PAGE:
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Newest risk to computer programmers

From: spt(at) (Simon Travaglia, Analyst/Programmer)
Newsgroups: rec.humor,comp.misc
Subject: Latest Discovered computer risk

A little before 11:13am on Wednesday the 8th of June 1994, Dennis Waters, a
programmer with a small software company in Hamilton, New Zealand, collapsed
in front of his terminal, head steaming.  By the time an emergency medical
team could reach him, he was dead.  His employer Brent Nosefinger, seeing
the corpse and the cryptic code on the VDU screen wisely called in CLRT -
The Computer Logic Response Team.

Within hours the team had analysed both the preliminary autopsy and the c
source code and confirmed Nosefinger's initial suspicion - Waters had died 
from a little known but highly dangerous mental upset, The Logic Block.

Dr Brian Analpeeper of CLRT explains-
"The logic block is one of the most dangerous conditions to confront people
whose mental processes form the basis of their work.  Most of us are familiar
with the concept of the writer's block, which although uncomfortable, poses no
direct threat to the wellbeing of the writer.  The logic block however, is far
more dangerous in that the mind enters a tightly bound logic-based loop with
little or no possibility of escape.  This loop could be similated by winding a
486 DX 32 to approximately 500 MHz with no heatsinking.  In a very short time
the brain resembles a poached egg, cooked in it's own juices (which  
 retains most of the flavour)."

In Waters case, the Logic Block trigger was believed to be a trivial compound
'if' statement in a 'for' loop.  Witnesses to the incident state that before
his collapse, Waters was repeatedly reciting the code that perplexed him in a
vain attempt to free himself of it's clutches.

Dr Analpeeper explains-
"Often the programmer will realise the mortal danger they are in and attempt to
stave off the inevitable by reciting the logic problem aloud in the hopes that
vocalising the problem will solve it.  Nothing could be further from the truth
of course - by the time the programmer gets to this stage, their capacity for
logical thought is almost nil."

Analpeeper continues -
"Sometimes, the programmer will attempt to avoid the problem completely by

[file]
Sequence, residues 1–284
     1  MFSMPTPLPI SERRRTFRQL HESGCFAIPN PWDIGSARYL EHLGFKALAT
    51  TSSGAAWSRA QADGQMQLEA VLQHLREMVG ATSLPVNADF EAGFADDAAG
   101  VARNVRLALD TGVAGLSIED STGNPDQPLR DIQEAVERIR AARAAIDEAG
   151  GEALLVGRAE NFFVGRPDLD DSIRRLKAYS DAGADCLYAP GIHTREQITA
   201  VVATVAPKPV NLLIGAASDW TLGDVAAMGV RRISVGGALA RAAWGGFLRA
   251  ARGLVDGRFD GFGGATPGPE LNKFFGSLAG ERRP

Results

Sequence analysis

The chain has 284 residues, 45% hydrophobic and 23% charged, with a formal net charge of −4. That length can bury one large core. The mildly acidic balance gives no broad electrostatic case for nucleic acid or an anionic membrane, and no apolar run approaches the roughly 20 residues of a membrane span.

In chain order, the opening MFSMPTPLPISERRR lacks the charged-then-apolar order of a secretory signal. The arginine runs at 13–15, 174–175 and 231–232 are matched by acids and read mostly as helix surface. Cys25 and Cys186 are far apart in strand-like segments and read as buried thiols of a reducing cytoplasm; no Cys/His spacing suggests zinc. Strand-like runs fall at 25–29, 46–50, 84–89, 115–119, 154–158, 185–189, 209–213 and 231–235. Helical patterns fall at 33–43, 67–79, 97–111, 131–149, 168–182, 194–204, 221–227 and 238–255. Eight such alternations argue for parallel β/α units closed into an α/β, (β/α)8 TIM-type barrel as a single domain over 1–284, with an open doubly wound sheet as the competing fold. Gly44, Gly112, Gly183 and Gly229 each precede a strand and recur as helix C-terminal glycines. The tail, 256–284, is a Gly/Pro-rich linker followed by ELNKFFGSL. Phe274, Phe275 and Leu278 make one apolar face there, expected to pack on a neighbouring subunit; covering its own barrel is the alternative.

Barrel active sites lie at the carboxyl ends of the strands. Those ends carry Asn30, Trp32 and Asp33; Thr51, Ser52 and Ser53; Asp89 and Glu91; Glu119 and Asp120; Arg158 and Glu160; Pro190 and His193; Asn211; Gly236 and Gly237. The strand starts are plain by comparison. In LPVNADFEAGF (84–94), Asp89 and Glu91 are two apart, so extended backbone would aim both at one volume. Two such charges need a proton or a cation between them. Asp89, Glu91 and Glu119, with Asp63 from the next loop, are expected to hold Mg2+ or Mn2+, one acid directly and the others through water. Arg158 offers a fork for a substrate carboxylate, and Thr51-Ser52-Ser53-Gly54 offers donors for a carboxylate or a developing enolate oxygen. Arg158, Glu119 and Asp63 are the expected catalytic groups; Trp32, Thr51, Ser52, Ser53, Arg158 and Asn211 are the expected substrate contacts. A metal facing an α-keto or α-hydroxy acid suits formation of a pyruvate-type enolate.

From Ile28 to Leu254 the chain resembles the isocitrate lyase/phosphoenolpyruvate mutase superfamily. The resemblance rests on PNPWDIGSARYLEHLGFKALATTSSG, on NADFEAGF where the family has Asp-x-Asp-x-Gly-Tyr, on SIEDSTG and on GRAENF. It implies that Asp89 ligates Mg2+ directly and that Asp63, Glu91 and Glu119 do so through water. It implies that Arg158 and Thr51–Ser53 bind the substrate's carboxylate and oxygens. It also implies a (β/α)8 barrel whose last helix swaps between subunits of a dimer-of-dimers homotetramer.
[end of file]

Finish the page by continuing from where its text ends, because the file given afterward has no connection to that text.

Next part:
deleting the offending code and starting again from scratch.  In some cases
this has been known to work, but in others the programmer has only delayed the
thoughts until some time when his or her mind is less occupied.  For instance,
it is not uncommon for the victim to be found dead at the wheel of their car 
in a traffic jam - passersby relating that they heard the victim utter
something like:
	`if NOT debug AND *NOT* interactive *OR* remote AND *NOT* tcpip...,
	 no hang on, if DEBUG *OR* interactive...'
before their deaths."

Analpeeper also notes that whilst the logic itself may be intraversable,
the victim may in fact be able to intuitively work out the solution.  He
gave an example of a mathematical problem involving three men at a hotel
and a missing dollar, which, after costing the lives of two reporters,
we decided not to include in this item.
"I just don't think about it at all." Analpeeper admitted  "I don't even 
try to work it out."

Solutions for this condition come slowly and only after painstaking and
meticulous research.  Dr Analpeeper concedes that his team have only
stopgap solutions for the problem, which we outline below.

Section A.   The Symptoms
	1.  The victim finds themselves repeating a program statement over
	    and over in their mind in an attempt to follow the program course.
	2.  The victim finds even the simplest logic operators incomprehensible
	3.  The victim will believe that the room is getting warmer.
	4.  Walls may appear to be closing in.
	5.  The victim may hear a sound not unlike that of water boiling.

Section B.   Treatment
	1.  Remove the offending code and passively attempt to forget it.
	2.  Think of the one song in the world that most annoys you because of
	    its triviality and inaneness and start humming it.  This ensures
	    that the moment your mind becomes unoccupied, the song (and not the
	    problem) will fill the gap.
		(Analpeeper suggests Susanne Vega's "Tom's Diner" as a suitable
		tune, with the following caveat:
		"Although the song will reduce the risk of a logic block
		 taking your life, it may have the side effect of making
		 you wish that it had.  That's the price you pay for life")

Section C.  Prevention.
	1.  Program simple code, with only one clause per statement
	2.  Don't try an understand anyone else's code
	3.  Remember the old adage "There's nothing so simple it can't be
		written in BASIC"

-- About the CLRT ---------------------------------------------------------
 The CLRT was set up in the early nineties with a brief to investigate computer
related health issues.    Dr  Analpeeper,  one of the founding members, relates
that  for  years  the  issues of the dangers of computing were neglected by the
medical industry at large, which eventually forced him and his collegues to act
When asked about the poor choice of acronyms Analpeeper stated: 'We wanted CERT
but that was already taken, so we settled for this.'

WARNING:   Some parts of the previous message may depict scenes of gratuitous
violence,  use  words your mother wouldn't approve of, cause cancer, refer to
you or persons you know in a derogatory manner, use bad grammar  or plead for
you to send your Pentax K1000 to:  Simon Travaglia, Information & Technology,
University of Waikato, Private Bag 3105, Hamilton, New Zealand.   It happens.
The actor who took the role of King Lear played the King as though he expected
 someone to play the ace.		- Eugene Field
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